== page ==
Lottery of birth
Lottery of birth

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Lottery of birth

4 Thinking point: the inequality debate

The inequality debate is very much an ongoing one. Below you will hear from four of the key people working in the field: Thomas Piketty, Angus Deaton, Danny Dorling and Richard Murphy. Their recent contributions to the inequality debate include an argument to recognise the centrality of the ownership of ‘capital’, that which is owned and generates an income (Piketty); thoughts about how policy levers, such as collective bargaining, minimum wages and universal basis incomes could affect inequality (Deaton working through the IFS); the suggestion that we should focus on the richest 1% to help them share better (Dorling); and consideration of widening the redistribution of income and wealth through taxation (Murphy).

Thomas Picketty

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When it comes to inequality, Thomas Piketty's Capital in the Twenty-First Century says we should all worry about capital, not so much incomes and bonuses. So what does he mean by capital? Well, that's anything that can be owned and that generates an income. That can be housing, land, stocks, or shares.
Now, that idea isn't new. In fact, the link between capital and incomes is very familiar, not least to readers of Jane Austen and Honoré de Balzac. Piketty says that, for 19th century novelists and their readers, the two ideas were used interchangeably. The book's big innovation has been to build a massive data set that allows him to look at patterns in the ownership of stuff, going back centuries.
His research found that, in the 18th and 19th centuries, the value of capital grew faster than the economy at large. So by 1900, the amounts of wealth had grown to around seven times national output in Britain. And since that wealth started off being owned by rich people, that means that the rich pulled away from the rest of us. Now you can see that in the way that the proportion of national wealth owned by the top 1% rose, and the top 10%.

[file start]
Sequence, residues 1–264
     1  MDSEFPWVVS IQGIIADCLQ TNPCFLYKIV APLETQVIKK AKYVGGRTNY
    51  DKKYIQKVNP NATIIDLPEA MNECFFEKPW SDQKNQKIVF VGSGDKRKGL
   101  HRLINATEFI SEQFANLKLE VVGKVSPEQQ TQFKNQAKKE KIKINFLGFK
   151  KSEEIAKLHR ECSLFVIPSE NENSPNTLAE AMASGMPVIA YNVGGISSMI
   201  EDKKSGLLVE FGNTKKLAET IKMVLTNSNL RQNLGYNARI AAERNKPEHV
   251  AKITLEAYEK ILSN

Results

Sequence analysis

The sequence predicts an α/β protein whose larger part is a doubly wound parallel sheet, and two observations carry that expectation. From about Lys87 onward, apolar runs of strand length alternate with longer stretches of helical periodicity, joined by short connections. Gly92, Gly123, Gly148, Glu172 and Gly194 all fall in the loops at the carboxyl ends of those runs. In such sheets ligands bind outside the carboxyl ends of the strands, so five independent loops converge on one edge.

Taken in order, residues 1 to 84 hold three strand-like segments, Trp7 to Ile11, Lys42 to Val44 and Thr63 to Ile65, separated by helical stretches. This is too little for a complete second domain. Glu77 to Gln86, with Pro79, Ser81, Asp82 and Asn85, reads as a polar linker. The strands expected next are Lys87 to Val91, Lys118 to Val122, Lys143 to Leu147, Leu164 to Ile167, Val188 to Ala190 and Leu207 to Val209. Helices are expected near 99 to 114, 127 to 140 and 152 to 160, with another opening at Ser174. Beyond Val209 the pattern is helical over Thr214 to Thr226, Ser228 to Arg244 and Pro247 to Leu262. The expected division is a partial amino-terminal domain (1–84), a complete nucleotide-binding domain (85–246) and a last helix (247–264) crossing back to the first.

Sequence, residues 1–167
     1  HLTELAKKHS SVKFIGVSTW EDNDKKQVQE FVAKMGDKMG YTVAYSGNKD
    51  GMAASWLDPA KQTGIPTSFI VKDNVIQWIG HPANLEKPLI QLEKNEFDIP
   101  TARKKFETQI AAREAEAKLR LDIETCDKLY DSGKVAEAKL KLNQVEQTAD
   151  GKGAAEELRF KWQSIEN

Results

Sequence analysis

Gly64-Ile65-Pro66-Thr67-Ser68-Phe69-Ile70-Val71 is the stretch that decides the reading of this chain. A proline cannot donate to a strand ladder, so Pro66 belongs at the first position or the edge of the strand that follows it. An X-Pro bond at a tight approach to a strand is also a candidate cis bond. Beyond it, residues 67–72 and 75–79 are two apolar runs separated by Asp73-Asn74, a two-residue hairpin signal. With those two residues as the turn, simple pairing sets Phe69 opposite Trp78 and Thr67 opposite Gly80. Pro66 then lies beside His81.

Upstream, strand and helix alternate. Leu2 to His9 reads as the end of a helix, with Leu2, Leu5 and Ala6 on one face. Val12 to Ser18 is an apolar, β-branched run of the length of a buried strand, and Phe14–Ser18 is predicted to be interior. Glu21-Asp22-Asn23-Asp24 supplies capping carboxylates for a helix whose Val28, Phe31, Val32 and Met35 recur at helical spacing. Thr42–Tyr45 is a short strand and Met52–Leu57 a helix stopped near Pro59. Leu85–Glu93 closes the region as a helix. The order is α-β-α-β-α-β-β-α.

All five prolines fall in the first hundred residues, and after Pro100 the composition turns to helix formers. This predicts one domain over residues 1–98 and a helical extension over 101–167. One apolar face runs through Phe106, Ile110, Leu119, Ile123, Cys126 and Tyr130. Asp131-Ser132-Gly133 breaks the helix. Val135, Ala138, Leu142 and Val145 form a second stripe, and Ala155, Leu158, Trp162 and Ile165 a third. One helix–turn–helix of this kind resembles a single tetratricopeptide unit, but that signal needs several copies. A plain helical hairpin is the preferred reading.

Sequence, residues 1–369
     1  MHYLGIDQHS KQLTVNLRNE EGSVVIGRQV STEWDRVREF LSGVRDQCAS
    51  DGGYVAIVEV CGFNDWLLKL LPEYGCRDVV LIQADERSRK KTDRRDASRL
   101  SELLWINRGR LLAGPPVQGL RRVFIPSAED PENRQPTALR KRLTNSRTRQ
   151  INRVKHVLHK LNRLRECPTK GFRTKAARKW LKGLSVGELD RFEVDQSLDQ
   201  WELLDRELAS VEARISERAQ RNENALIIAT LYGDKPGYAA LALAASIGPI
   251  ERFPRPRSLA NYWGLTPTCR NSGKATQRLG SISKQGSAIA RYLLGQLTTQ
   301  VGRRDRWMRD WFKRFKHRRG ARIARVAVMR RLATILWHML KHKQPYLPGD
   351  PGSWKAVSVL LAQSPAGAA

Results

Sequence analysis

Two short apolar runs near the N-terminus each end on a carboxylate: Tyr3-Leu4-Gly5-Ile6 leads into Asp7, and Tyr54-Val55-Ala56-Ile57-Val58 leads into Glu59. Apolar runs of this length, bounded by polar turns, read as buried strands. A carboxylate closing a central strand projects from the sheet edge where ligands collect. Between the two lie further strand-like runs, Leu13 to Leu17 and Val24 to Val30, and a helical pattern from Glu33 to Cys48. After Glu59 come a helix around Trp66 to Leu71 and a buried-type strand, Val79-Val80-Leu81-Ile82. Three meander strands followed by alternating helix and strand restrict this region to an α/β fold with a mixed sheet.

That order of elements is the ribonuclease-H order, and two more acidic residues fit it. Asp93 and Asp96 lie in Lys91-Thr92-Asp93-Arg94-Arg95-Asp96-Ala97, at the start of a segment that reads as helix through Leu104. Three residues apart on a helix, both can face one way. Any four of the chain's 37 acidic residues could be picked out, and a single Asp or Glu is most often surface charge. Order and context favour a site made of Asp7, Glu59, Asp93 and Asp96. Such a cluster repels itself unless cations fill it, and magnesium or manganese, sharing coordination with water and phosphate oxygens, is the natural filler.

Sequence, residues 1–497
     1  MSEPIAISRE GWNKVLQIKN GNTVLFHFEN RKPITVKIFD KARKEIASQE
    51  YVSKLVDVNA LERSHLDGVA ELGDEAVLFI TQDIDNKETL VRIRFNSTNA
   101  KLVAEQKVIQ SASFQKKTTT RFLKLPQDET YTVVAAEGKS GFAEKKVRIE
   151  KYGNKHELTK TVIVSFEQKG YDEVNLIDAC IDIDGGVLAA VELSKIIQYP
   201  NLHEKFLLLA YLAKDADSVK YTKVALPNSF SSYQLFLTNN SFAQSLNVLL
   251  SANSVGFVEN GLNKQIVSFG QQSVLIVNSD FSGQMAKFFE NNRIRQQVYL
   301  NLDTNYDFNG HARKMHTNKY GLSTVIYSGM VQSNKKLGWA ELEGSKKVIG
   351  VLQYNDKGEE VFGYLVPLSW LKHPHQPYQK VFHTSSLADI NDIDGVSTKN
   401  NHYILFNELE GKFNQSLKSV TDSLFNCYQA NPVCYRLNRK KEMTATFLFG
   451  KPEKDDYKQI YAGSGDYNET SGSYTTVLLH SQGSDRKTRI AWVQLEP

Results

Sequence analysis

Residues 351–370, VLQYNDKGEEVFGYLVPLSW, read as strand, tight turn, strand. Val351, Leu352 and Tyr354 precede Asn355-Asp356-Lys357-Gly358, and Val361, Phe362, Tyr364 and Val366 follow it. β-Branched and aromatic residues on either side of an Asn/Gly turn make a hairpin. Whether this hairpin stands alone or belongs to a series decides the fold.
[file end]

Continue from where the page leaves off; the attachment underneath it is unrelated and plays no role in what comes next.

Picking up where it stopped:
But in the 20th century, things were a little different. First of all, because of war, between 1910 and 1950, the World Wars and decolonization clobbered the European rich. All that stuff that accumulated got, well, blown up, or handed back to other people.
Then, after the war, the recovery was historically unusual, partly because it was all catch-up growth. The capital stock grew more slowly than the economy at large and was more heavily taxed. So owning all that stuff didn't really help the top 1% power ahead. The rest actually caught up a little bit.
Since 1980, however, Piketty thinks that things have reverted to the older pattern. Capital has been growing faster than the economy at large. And since the rich start off owning more stuff, that drives up inequality. So far, so uncontroversial. But Piketty's thesis is that this trend might well continue.
And if the rate at which capital grows remains faster than the growth of the economy at large, then the rich will keep pulling away. And the world could look, once again, like a Victorian age. The rich will be rich because of who their parents are, not who they are. And that's a major public policy challenge.